The boarding announcement blared over the speaker system informing me that my flight to Calgary, Canada, would now begin. No sooner was I settled than I was asked if I would be willing to change seats so that a husband could sit with his wife.
I was given a seat in the very last row of the plane, but at least I would be by myself. Just seconds before the plane’s door closed, one lone passenger entered.
There were empty rows before mine, but he came all the way to the back, looked at his ticket, and then crashed into the seat next to mine. The smell of sweat and alcohol invaded my space.
This was going to be a long trip! Before the plane became airborne, my new seatmate had fallen asleep and was soon leaning out into the aisle — fortunately, away from me. In a matter of seconds, he began to drool, and everyone within sight of this newest passenger groaned and, I believe, had one thought in common —
As I looked at my shabbily dressed seatmate, I could see a youthful face behind the beard and long, matted hair. A strong impression came over me, reminding me of my prayer earlier in the day expressing my willingness to God to be used by Him.
I chuckled to myself, “Well, it won’t happen with this guy! He is dead drunk.” And then I said, “But, Lord, I am willing.”
No sooner had I uttered those silent words, weak in commitment, than the one who had taken my extra legroom from me sat straight up, turned, and faced me, and then with lungs filled with the horrific odor of stale alcohol and tobacco said, “Hi!” I nearly fainted.
What happened in the next hour or so proved, however, to be as rewarding as any agenda I had planned for my trip.
When we parted, he volunteered that this meeting was no happenstance. My new friend was convinced that God had brought us together. In an hour’s time, I had witnessed a miracle. This was no “cheap grace” encounter.
The expression on his face, the excitement in his voice, his determined plans for the future — they had all been revealed in his prayer. His change was immediate and cannot be attributed to any persuasiveness on my part.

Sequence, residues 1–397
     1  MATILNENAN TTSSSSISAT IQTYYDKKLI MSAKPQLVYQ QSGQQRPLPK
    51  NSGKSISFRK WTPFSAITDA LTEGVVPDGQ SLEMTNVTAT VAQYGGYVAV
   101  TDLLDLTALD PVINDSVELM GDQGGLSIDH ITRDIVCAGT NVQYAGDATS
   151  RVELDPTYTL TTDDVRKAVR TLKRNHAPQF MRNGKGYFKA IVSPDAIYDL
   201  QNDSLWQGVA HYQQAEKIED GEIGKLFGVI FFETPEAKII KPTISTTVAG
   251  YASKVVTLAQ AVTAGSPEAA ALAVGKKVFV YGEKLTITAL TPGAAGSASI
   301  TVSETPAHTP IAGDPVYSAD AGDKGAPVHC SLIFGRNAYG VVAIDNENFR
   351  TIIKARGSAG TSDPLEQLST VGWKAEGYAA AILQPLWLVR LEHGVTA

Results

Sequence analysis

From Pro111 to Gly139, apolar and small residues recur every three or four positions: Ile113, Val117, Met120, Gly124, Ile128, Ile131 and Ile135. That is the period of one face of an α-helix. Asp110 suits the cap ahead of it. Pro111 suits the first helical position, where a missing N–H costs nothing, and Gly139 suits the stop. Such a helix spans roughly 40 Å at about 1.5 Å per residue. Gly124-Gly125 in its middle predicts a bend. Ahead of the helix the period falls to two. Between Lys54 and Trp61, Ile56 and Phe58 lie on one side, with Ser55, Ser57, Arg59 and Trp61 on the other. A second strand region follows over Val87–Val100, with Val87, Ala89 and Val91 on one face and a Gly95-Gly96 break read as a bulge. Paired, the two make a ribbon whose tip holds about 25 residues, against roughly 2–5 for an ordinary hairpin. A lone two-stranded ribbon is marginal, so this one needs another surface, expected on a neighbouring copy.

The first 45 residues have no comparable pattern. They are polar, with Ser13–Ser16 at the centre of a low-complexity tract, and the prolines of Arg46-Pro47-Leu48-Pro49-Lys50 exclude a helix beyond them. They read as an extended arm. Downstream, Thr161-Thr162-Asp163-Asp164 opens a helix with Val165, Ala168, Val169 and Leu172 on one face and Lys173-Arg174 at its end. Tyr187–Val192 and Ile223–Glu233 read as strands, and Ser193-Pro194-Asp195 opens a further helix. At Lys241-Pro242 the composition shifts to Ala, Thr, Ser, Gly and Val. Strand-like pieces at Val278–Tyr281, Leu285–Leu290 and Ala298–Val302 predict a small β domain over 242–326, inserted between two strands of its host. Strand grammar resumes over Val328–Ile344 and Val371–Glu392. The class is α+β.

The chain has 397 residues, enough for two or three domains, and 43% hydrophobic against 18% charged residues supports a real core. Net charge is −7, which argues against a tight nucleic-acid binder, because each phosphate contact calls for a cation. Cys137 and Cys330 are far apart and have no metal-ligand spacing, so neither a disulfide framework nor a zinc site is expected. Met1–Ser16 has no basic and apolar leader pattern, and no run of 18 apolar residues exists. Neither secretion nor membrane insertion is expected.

The Holy Spirit had already been at work. I couldn’t see it because I was looking for the wrong signs. Once I expressed my willingness, as half-hearted as it was, I became a partner with the greatest Evangelist on the earth today — the Holy Spirit.
I’ve been asked to convey to you what I have found helpful in sharing Christ. Actually, it’s quite simple, and it certainly isn’t the last word on the subject. But God has blessed my approach over and over again, and it doesn’t seem to matter what country, culture or tribe I’ve interacted with.
My Partner in evangelism seems to know best when it comes to the who, when and with what words. Please allow me to explain.
Rebecca Manley Pippert wrote in her book “Out of the Salt Shaker and into the World” that “evangelism involves taking people seriously, getting across to their island of concerns and needs, and then sharing Christ as Lord in the context of our natural living situations.”
Early on in my conversation with my seatmate, I asked sincere questions, questions for the purpose of understanding, not for prying. Soon I learned his story of years of rejection.
The very smells and sights that turned me off had turned those closest to him away.